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How to fight compassion fatigue in the time of Covid-19

by | FearLess

Compassion fatigue happens when your heart can’t take any more pain because of what you are seeing or experiencing from the world around you. It affects more people than you realize. It is when the broken state of the world and the sheer number of things requiring your compassion become too much, and you eventually reach a state of numbness, even apathy.

Caring too much?

Compassion fatigue definition How much can you handle? When it gets too much and you feel as if your heart cannot take it, then you might have compassion fatigue. 

It would be helpful here to point out we are called to be compassionate towards others, but if our tank is empty, it’s pretty hard.

Hearing negative news repeated over and over again – be it in the press, from our healthcare system, our children and schools – and the feelings of helplessness and heartache, leave us not knowing what to do or where to turn.

We are not God, who has infinite compassion. We are human, and with that comes so many limitations.

Years ago, we had several traumatic experiences ranging from an armed robbery, my dad battling cancer, my dog dying, and many of our friends going through incredibly tough times. While I was trying to overcome my own battles, we were leading a missions organization and helping people globally. Eventually, compassion fatigue set in, but I was fortunate to have been walking with a wise counselor who helped me process this appropriately.

We don’t have to stay in that place of compassion fatigue.

Let’s get into it, friends. Our road of navigating the Covid-19 pandemic is far from over. And we surely need to strengthen ourselves if we are to emerge out of it with our communities and families unscathed.

We are mandated to love, to live compassionately and to fight for justice. However, we cannot do that well if our tanks are empty. Compassion fatigue can take a physical, emotional, mental, spiritual toll on people who experience it.

 

A few symptoms of compassion fatigueCompassion gauge

  • Chronic physical and emotional exhaustion
  • Your love tank feels empty
  • Loss of joy
  • Irritability and anger
  • Feelings of self-contempt
  • Difficulty sleeping or disrupted sleep
  • Headaches
  • Poor job satisfaction

But there is good news. We can prevent compassion fatigue. Here are a few ways to do just that.

How can we prevent compassion fatigue?

1 Self-awareness

Practice self-awareness and monitor what’s going on inside of you; take notice your life rhythms. How are you sleeping? Are you exercising? 

Whenever I feel overwhelmed, it is helpful to remember that I am not responsible for everyone, but rather to others. It helps me let go of things I am not meant to hold on to.

2 Self-care is essential

Be aware of what feeds your soul. If you feel more stressed because of the news, social media reports and conversations going on around you, consider setting some boundaries in place. Take time out to rest, journal, pray and speak to someone you trust.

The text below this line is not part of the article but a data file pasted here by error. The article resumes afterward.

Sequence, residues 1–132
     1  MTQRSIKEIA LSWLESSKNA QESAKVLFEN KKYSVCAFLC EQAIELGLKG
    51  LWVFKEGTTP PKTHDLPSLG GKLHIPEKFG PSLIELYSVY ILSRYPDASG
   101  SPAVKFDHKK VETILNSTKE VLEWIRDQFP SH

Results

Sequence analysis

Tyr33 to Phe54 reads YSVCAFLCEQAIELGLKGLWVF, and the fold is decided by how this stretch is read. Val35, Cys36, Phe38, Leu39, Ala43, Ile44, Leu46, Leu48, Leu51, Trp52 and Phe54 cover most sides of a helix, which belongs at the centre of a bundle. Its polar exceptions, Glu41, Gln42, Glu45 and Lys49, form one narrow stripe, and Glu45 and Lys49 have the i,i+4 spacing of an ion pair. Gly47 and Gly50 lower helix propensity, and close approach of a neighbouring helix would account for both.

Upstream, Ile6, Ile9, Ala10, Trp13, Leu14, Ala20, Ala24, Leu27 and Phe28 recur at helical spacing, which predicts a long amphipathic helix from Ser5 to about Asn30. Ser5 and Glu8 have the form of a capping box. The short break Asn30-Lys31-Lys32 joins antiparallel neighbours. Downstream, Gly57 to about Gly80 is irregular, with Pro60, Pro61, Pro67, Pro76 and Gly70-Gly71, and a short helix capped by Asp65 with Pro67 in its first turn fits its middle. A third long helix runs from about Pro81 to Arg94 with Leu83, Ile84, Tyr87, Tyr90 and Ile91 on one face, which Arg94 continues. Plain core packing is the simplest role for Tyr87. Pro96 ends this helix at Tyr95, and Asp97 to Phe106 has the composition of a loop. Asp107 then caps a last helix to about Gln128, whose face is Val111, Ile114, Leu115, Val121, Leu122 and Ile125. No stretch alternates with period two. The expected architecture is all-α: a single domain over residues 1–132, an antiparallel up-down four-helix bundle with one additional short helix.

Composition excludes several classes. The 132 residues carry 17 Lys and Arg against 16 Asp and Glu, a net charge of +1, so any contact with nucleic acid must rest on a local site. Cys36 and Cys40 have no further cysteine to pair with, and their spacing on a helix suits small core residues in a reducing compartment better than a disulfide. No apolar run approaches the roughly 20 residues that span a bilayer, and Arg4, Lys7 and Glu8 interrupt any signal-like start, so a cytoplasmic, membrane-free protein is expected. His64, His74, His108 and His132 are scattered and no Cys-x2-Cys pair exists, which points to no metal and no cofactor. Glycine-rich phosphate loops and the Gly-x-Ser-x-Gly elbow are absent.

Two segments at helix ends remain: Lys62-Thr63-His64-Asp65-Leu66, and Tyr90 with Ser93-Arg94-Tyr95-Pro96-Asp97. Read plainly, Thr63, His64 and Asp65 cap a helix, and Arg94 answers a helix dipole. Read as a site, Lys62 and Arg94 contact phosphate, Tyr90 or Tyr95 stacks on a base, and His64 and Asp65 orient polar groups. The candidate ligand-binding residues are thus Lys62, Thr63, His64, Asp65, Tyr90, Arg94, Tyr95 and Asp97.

3. Listen more 

Practice active listening, and this doesn’t mean that I solve every problem, but instead, I can let it go and sit with the person in their pain. I listen more than I speak and wait for the invitation to give advice.

4. Fearing less and loving more

Fear can rob us of emotional and physical health. With compassion fatigue, fear will feed off your stress, anxiety and tension, but you don’t have to let it do that. Love looks like forgiveness, letting go, boundaries, prayer and empathy, and so much more.

Now that you have a handle on it, I’d like to share a few ways to treat compassion fatigue (and this is by no means complete).

Treating Compassion Fatigue is possible

There are many ways to treat it, but I would like to highlight a few. Some of these I’ve tried, and they really make a difference. Put on your lens of Covid-19 and where you are at right now.

  1. Talking about your feelings with a trusted person and/or a mental health professional. Encourage your children to share how they feel as well. Create a safe space at home.
  2. Learn more about compassion fatigue and how it affects people.
  3. Develop a healthy diet and along with that make a commitment to regular exercise. Find an accountability buddy -it helps!
  4. Sleep is crucial to resilience and healing. Ensure you get a restful night’s sleep.
  5. Cultivate and develop hobbies different from work. It will help you relax and feed those happy hormones.

“Taking care of myself doesn’t mean, ‘me’ first. It means ‘me too’” LR Knost.


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Mandi Hart sitting on the deck with coffee in her handWho am I?

I’m passionate about inspiring people to live courageously. As a speaker, mentor and author, I work with families and women around the globe to help pursue their dreams and raise children with love and courage. As a mother of two, I long to see families restored and equipped. I serve locally in our communities and regularly speak on the radio on Courageous Living. Read more about my latest book here.

Images courtesy of Unsplash

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